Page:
Nadia’s skin was a similar shade to the locals and with her straightened hair they tended to ignore her, thinking she herself was Filipino. But I stood out with my nearly translucent skin and blonde hair. Homeless women and children kept coming up to me, following me down the sidewalk asking for money or just staring at me with eyes that had seen more than I ever would. When we reached the restaurant we saw a lot of older white men. They were almost never alone though. They usually had their arm around a too young Filipino girl. It made my stomach churn. This would be a common sight throughout our trip.

Nadia and I ordered potato skins which wasn’t something we had seen on a menu since America and Chicken Adobo, which was a local food. We did it up “Korean style” and shared our meals. Chicken Adobo is a famous Filipino dish, it’s very flavorful, salty and tangy and they gave us a mountain of rice. It’s hard to escape rice in Southeast Asia. After a day of traveling we were dragging and decided to turn in early. The next day we had to figure out how to reach Tagaytay.

chicken adobo
Chicken Adobo

 

Day 2 Tagaytay, Phillipines

After searching the internet and asking the front desk we found out we were going to need to take a bus down to Tagaytay. It would take us about 2 hours and the woman at the front desk scribbled down the name of the correct bus terminal to depart from to show the taxi driver. This deemed useless as we still had to say “Uh…Tagaytay?” to get him to understand us.

During the day the streets of Manila were even more packed. The sun beat down on us and I tried my best to avoid it’s rays as I had forgotten sunscreen. I could just buy it here I naively thought. Turned out I wouldn’t be able to find it till about half way into our trip. Filipinos are naturally darker and therefore it’s just not a hot commodity. But it was a straight necessity for me due to the fact that even an hour of sun exposure will cook me the color of a steamed lobster.

The traffic in Manila is so thick a 5 mile drive will take ten times as long, so when we arrived the taxi driver squeaked over as close as he could to the edge of the road and we hopped out. The buildings were all on top of each other but there was no denying the giant buses poking out of the arched ceiling. Our next task was to try and discover how to buy a ticket and board a bus. We wandered into a building and Nadia asked to buy a ticket. He waved us in a direction outside and to the left. Luckily, living in Korea had prepared us for vague directions and wandering as we made our way in the direction he pointed. We turned a corner and another arched building of buses appeared. Easier than we thought.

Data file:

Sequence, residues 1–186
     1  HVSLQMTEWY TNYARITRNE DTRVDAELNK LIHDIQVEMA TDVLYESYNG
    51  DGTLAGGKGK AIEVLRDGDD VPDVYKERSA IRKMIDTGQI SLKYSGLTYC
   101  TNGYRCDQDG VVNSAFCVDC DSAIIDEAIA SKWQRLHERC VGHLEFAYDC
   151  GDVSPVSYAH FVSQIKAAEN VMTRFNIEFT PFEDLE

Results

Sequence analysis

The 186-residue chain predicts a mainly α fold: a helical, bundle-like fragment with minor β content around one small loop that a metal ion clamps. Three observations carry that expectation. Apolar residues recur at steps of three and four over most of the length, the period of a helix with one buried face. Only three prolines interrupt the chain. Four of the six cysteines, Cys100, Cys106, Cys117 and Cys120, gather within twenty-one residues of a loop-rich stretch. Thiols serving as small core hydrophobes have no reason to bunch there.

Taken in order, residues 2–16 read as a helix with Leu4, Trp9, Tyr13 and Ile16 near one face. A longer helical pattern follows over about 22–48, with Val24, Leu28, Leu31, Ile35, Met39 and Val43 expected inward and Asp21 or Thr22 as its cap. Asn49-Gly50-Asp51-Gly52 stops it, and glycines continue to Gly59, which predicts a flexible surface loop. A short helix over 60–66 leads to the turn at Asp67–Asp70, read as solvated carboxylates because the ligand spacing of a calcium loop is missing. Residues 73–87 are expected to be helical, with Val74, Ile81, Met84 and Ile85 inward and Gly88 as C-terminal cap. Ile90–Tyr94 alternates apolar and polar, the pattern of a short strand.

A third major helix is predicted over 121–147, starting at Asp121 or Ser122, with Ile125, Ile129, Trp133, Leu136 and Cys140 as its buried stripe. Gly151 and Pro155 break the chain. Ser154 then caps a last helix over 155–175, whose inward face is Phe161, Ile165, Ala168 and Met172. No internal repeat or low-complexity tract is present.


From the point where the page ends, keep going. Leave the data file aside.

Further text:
“This has got to be where we buy the tickets,” I said and we pulled open the glass door.

“Hello, where can we buy a ticket to Tagaytay?” Nadia asked him. Almost instantly he began to answer her in Tagalog, the common language in the Philippines. Nadia looked at me, her patience wearing thin.

“Did I not just ask him in English? Girl you better talk to him,” she said and I quickly stepped up.

“Hello, can you tell us how to get to Tagaytay?” I asked. By the power of being a white person, he answered me in English.

“Yes just take this bus here,” and he pointed out the window. Then the guy beside him said to follow him and he walked us right up to the bus. The buses are just like the express buses of Korea, so we felt right at home. For the American non expat readers, its similar to a coach bus that gives tours. Fairly comfy indeed. The bus pulled away and we wondered how we managed to get on without buying a ticket. Turns out in the Philippines you board the bus and then someone comes around, asks your destination and gives you a ticket with the price on it. You then pay in cash.

“I really hope Tagaytay is more tropical, you know? That it actually feels like a vacation,” I said as we settled in for the drive. Every so often the bus would slow down or stop at a crosswalk and a random street peddler would board the bus selling whatever food or drink he had. One man boarded and smiled so brightly when he saw me.